Faceshift - the ability to read subtle difference in facial expressions
Macbeth Effect - the need to cleanse oneself after experiencing something morally impure
Proteus Effect - accepting an avatar as yourself
It is amazing how many studies the author has conducted in so many interesting fields. He introduces you to pioneers who are doing cutting edge research. As a layman myself, I cannot speak to the scientific credibility of all of this but I do think it is a good introduction to what many feel will be a major new medium.
Made me think - what would be the cost to develop a “first person victim” VR experience to show what it’s like to be hunted down during a mass school shooting? Could this be used to influence the views of politicians who talk the talk, but are unwilling to back it up in Congress (or local elections)
I, for one, would be happy to donate to an on-line fundraising effort to support such a project
Again, truly mind expanding read about the potential benefits, and risks, of VR
Top reviews from other countries
Emotion always wins
The sensation of “being there,” wherever the program you are running takes you, is what researchers call psychological presence, and it is the fundamental characteristic of VR. That is why it will get to experience on demand. It will become (and in some cases it already is), emotional immersion. The users’ brains are treating the experience they are having as psychologically real, they are physiologically aroused in a way that is similar to what occurs during a real experience. Making VR far more psychologically powerful than any medium ever invented.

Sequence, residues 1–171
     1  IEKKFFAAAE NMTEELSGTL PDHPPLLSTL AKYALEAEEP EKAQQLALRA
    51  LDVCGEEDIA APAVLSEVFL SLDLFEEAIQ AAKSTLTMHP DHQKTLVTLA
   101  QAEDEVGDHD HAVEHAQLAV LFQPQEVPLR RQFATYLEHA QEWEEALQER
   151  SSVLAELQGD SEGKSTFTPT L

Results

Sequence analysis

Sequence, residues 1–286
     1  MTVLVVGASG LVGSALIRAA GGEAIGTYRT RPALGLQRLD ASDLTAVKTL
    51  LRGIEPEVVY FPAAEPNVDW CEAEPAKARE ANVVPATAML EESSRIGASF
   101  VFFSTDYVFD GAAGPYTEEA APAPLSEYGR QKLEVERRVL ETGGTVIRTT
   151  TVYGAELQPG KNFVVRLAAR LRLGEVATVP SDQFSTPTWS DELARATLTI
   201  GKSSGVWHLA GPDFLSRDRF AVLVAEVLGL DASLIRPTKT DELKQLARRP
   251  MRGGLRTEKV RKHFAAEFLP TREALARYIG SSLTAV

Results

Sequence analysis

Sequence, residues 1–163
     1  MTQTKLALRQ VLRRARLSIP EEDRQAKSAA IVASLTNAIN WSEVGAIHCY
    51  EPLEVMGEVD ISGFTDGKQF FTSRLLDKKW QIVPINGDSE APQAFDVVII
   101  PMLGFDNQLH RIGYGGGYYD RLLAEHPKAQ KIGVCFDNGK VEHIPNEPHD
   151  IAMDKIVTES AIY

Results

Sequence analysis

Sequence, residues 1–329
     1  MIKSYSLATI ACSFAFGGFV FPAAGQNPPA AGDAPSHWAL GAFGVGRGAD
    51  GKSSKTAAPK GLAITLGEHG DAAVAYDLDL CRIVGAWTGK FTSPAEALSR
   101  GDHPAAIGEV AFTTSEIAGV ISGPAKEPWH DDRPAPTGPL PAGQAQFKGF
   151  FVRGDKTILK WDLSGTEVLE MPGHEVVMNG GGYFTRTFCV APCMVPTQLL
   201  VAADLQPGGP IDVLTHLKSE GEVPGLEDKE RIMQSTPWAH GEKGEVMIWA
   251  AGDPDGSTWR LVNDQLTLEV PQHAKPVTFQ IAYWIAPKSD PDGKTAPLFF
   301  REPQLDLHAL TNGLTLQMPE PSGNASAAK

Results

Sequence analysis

Jeremy Bailenson thinks that VR can be applied to make us better people, more empathetic, more aware of the fragility of the environment, and more productive at work. VR is going to improve the quality and reach of education, and open up the world for people who can’t afford to travel, transporting users to the tops of mountains, or into Earth’s orbit, or into a calming oceanside setting at the end of a long day. It will also create the widespread addiction to seductive fantasy worlds, pornography, and video games.
VR will be transformative
There is no doubt in my mind. VR is going to transform our lives dramatically and that it will utterly change how we interact with the (real) world around us, and with other people. Because persuasive simulation can fool your senses, make you believe and has an emotional impact. VR will become an experience generator in anything imaginable.
Imagine the experience
At its basics, imagine what it will do with business meetings. You can become truly location independent. Work from anywhere. Second life will be back with a bang. Second life is back with a bang. But imagine: